Electric utilities ComEd and Ameren Illinois have both filed for rate decreases before the Illinois Commerce Commission (ICC)—$11.5 million and $45.3 million, respectively. Both requests will be reviewed by the Commission and decided on in December.
ComEd’s cut, its third rate decrease in a row and fifth in 10 years, would reportedly lower the average residential customer’s monthly bill by about a dollar beginning Jan. 1, 2021. If approved, the average total monthly residential bill would be about $82, according to the utility.
These rate decreases come after years of rate increases by the state’s two largest electric utilities. Through the Energy Infrastructure and Modernization Act, the Illinois General Assembly approved Ameren and ComEd’s rates to be set by a formula to help the utilities pay for “SmartGrid” technology upgrades. These formula rates led to rate increases (In fact, Ameren customers have seen about $300 million in net increases since formula rates went into effect.) Now that grid improvements are wrapping up, this year has led to a decrease—good news for consumers.
These decreases will affect delivery charges—what all customers pay to have electricity delivered to their homes. Those charges take up about a third to a half of the bill. The rest of the bill is the cost of the electricity itself.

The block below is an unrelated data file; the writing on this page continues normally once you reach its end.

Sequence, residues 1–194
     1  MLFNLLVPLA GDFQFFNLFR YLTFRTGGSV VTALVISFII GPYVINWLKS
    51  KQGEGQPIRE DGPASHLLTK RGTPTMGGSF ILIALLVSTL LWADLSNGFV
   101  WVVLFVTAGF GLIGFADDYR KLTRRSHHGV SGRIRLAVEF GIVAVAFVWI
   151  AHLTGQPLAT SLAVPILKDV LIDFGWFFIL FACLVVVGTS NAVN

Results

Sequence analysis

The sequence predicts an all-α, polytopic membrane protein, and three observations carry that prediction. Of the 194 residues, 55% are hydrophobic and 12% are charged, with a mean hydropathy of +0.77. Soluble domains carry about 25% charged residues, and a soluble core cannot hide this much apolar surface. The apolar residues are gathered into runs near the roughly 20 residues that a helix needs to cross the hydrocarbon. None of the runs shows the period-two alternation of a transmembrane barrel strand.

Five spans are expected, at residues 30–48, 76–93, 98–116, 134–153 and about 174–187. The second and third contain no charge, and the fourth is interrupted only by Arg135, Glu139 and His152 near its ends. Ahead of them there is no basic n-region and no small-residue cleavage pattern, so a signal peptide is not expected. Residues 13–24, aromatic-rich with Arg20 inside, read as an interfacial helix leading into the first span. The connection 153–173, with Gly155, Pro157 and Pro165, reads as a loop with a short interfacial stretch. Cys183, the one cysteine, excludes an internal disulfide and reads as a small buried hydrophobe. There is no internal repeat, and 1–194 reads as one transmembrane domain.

CUB always likes to hear that a utility is lowering rates, but CUB’s legal team will still review both filings and work to give Illinois consumers the greatest benefit.
The ICC also directed utilities in the state to suspend disconnections and late-payment charges until the COVID-19 state of emergency is over. Along those lines, ComEd has announced it will extend its suspension of disconnections and new late-payment charges through at least June 1.
CUB is encouraged by these measures. The last thing consumers need in the middle of a public health and financial crisis is to worry about their utility service.